Community Update

World Pulse Toolkits Available!

At World Pulse, we recognize the need for ongoing learning—for you and for your community! Our toolkits are all available here.

We are especially excited to share our signature Citizen Journalism and Digital Empowerment Curriculum. Start learning today!

Need: The AfroLatina Identity & Programming for Next Year

I hope this message reaches you in good spirits. I am reaching out to you because I am seeking opportunities to offer my presentation on the Afro-Latina identity and am tapping into my network for assistance.

My name is Ynanna Djehuty; my birth name is Carmen Mojica. I am an Afro-Dominican woman born and raised in the Bronx. I am a writer and certified birth doula. I am a member of the International Center for Traditional Childbearing (ICTC), and a sister of Mu Sigma Upsilon Sorority, Inc. The focus of my work is the empowerment of women and people of the African Diaspora, specifically discussing the Afro-Latina Identity. I utilize my experience as a birth doula to raise awareness on maternal and infant health for women, highlighting the disparities in the healthcare system in the United States for women of color. In October 2009, I completed and self-published my literary work called ‘Hija De Mi Madre’ (My Mother’s Daughter), which is a combination of memoirs, poems and research material that explains the effects of race on identity from an academic standpoint. I share my personal story as a living example. I am studying to become a midwife to continue to advocate for women and their holistic well-being.

My presentation explores the identity of African Latinas. It is a combination of personal experience and historical precedent that shape the identity of Afro-Latinas in the United States and the Caribbean. This research entails the ethnogenesis of Afro-Latinos and the effects of phenotype and cultural institutions on identity. The focus is on the emotional and psychological experience of the Afro-Latina. The effects of colonization are seen in self-hatred that plagues people of the African Diaspora. In the Latino culture, the African component of the Latino identity is often ignored or denied by the society. The difficulty in being an Afro-Latina is further compounded by being a woman.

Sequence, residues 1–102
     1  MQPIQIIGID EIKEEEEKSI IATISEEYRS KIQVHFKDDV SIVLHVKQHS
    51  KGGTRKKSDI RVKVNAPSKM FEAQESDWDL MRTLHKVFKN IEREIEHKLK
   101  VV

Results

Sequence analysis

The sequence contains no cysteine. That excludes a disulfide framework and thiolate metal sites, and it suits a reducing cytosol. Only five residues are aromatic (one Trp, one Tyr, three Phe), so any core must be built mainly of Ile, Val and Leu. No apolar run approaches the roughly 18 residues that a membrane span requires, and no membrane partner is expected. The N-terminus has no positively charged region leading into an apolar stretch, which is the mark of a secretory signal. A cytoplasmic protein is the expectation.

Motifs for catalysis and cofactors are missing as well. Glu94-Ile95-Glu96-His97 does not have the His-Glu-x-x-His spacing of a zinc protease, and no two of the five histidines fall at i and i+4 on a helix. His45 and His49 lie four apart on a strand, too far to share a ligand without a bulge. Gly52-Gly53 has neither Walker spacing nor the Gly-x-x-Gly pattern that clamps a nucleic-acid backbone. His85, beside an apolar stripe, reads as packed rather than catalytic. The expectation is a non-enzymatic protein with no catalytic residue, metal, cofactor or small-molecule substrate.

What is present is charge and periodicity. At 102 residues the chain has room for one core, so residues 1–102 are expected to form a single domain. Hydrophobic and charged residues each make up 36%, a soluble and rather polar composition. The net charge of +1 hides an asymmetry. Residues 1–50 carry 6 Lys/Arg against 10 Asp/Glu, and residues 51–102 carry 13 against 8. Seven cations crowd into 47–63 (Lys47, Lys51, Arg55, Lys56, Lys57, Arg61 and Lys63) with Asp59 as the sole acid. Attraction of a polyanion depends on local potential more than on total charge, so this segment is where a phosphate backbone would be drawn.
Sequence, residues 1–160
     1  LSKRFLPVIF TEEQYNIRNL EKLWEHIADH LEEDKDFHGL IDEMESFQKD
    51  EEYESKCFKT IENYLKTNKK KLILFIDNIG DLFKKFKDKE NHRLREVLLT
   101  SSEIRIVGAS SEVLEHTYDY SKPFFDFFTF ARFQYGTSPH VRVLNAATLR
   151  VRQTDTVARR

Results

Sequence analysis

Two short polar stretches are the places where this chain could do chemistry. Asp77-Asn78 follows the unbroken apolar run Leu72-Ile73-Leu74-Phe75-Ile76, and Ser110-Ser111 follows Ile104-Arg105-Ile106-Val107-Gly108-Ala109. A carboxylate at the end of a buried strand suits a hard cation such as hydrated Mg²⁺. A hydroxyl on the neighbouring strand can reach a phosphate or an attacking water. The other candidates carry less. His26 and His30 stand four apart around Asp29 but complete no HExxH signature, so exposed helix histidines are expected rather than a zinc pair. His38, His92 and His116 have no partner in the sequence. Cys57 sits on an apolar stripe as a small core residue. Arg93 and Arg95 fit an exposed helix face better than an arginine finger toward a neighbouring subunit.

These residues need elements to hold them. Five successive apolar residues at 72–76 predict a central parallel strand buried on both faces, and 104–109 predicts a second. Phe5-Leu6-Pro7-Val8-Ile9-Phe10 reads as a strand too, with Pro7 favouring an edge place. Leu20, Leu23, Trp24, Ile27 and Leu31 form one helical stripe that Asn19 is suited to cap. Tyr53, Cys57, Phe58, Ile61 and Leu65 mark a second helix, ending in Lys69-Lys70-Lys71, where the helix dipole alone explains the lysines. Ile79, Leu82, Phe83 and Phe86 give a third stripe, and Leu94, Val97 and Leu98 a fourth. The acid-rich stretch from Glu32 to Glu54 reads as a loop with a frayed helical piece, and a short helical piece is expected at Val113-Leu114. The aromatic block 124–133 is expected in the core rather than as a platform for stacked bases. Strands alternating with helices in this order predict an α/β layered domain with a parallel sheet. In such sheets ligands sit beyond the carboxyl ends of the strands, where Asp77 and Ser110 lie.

Links to my work:

Presentation at Syracuse University, September 2011 -

Panel discussion at the National Dominican Student Conference at Cornell University, May 2011 -

Panel discussion at First World Diaspora Conference at SUNY New Paltz, October 2008 -

Ynanna Djehuty
Certified Birth Doula & Writer


Magazine »

Read global coverage through women's eyes

Letters to a Better World

Letters to a Better World

Community »

Connect with women on the ground worldwide

Mkandeh's picture

Ebola: Sierra Leoneans feel like prisoners

Campaigns »

Be heard at influential forums

WWW: Women Weave the Web

WWW: Women Weave the Web

Programs »

Help us train women citizen journalists

World Pulse Voices of Our Future

World Pulse Voices of Our Future

Partners »

Join forces with our wide network of partners

Nobel Women's Initiative

Nobel Women's Initiative